For Chinese, Jeju a ‘cheap destination’

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For Chinese, Jeju a ‘cheap destination’


Last weekend, I went to Jeju Island with a delegation of young Chinese civil servants. There, a man we called Mr. K accompanied the group as a Chinese interpreter and guide. When I asked him how the tourism business was, he responded, “It’s getting harder and harder.”

The number of Chinese tourists is declining, he said. In the first quarter, the number of Chinese tourists to Jeju was 340,000, 67 percent more than the same period the year before. So why did he think the tourists were decreasing?

“A company owned by a Korean-Chinese man has taken up 80 percent of the group tourism market. They are ‘buying’ the tourists. Two, three years ago, my company used to have 10,000 tourists a month. Nowadays, we get less than 2,000,” he said.

Mr. K explained that the practice of “buying” Chinese tourists was known as “Youke.”

A five-day tour package to Jeju is sold for 3,500 Yuan in Shanghai, which is about 573,000 won ($561). The travel agency in China levies a fee for flight costs, about 300,000 won, and sends the rest to a tour operator in Korea. The tour operator then arranges accommodation, meals, transportation and admission fees, which add up to about 250,000 won. It incurs a loss, considering the guide fee and the operational cost. The tour operators make money by taking a commission from shopping.

However, when Koreans in China entered into the market, the structure was broken. They began to pay the Chinese travel agencies to send tourists to their businesses. Mr. K said that these companies pay 700 yuan per customer, about 120,000 won, to the companies in China. “This is nothing but buying the tourists,” he said.

How can they make money by paying the Chinese companies? The secret is in the shopping arrangement. These companies pay a total of 400,000 won per tourist, including the fee paid to the Chinese company and the cost of tour provided. They can only make money when they make enough commission from shopping to cover the costs.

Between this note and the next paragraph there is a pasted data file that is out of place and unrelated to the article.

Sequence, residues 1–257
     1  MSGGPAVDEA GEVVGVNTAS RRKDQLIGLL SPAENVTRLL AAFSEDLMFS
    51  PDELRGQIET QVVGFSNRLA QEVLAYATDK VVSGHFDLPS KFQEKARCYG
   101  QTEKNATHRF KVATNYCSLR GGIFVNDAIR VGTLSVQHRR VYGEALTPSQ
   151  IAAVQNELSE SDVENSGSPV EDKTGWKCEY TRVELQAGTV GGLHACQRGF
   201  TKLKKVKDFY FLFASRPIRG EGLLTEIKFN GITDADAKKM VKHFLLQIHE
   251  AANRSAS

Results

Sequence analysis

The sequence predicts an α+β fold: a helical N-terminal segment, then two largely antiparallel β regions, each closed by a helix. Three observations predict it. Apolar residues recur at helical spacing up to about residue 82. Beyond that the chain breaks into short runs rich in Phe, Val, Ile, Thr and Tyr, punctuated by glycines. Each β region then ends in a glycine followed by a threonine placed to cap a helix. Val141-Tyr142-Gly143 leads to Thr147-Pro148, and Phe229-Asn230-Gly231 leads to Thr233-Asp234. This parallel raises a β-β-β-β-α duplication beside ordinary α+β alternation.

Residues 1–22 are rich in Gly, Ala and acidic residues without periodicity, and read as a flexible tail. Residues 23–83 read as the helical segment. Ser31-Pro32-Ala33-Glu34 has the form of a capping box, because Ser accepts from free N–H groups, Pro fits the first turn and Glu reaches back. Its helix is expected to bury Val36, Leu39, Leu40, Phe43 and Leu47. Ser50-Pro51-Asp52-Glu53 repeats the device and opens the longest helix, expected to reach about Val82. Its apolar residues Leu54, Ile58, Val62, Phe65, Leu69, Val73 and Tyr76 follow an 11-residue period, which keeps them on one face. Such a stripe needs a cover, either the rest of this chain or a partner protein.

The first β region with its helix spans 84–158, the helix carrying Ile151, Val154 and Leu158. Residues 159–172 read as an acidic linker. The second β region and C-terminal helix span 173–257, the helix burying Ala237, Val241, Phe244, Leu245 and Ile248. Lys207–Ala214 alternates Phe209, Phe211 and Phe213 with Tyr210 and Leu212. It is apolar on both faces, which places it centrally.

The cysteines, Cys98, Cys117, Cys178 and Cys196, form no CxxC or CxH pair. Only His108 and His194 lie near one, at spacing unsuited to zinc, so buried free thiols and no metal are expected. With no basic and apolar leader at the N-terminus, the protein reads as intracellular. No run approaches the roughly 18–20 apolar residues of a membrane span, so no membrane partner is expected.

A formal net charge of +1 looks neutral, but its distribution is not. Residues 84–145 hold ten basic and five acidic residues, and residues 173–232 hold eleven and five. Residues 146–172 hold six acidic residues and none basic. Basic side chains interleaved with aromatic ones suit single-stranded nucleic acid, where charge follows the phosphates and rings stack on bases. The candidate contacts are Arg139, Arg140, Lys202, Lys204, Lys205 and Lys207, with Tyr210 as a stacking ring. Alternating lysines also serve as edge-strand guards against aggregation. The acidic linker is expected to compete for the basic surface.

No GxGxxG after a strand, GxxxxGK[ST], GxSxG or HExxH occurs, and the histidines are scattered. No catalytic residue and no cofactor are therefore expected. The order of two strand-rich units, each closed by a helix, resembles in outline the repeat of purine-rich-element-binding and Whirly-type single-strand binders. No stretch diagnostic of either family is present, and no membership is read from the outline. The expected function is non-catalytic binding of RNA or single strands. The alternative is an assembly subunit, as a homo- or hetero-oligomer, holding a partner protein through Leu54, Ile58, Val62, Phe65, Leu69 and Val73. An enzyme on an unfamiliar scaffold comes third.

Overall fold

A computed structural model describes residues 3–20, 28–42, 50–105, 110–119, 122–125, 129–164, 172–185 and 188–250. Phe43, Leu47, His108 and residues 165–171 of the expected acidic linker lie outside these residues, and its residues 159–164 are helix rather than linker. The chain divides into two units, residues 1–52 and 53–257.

“In order to get 400,000 won in commission from shopping, each tourist must buy at least 1.2 million won worth of merchandise.

Some unlicensed Korean tour guides pressure tourists to shop, and they aren’t provided with proper accommodations or decent meals. The more tourists that visit Jeju Island, the worse the island’s image becomes. The monopoly becomes more serious, and other small tour operators struggle. And Korean companies complain that even when Chinese tourists increase, the money circulates among the Chinese.

However, the municipal authority is neglecting the distortion in the market and are only interested in boosting the number of visitors. Unlicensed tour guides are loosely controlled and crackdowns are leaked in advance.

After introducing Jeju’s beautiful natural scenery, Mr. K returned to his seat and said, “In China, there are tour packages that sell for 998 yuan now. Chinese companies make more money if they send more tourists, so they lower the price even more. Jeju is becoming a cheap destination.”

JoongAng Ilbo, June 23, Page 30

*The author is the director of the China Institute of the JoongAng Ilbo.


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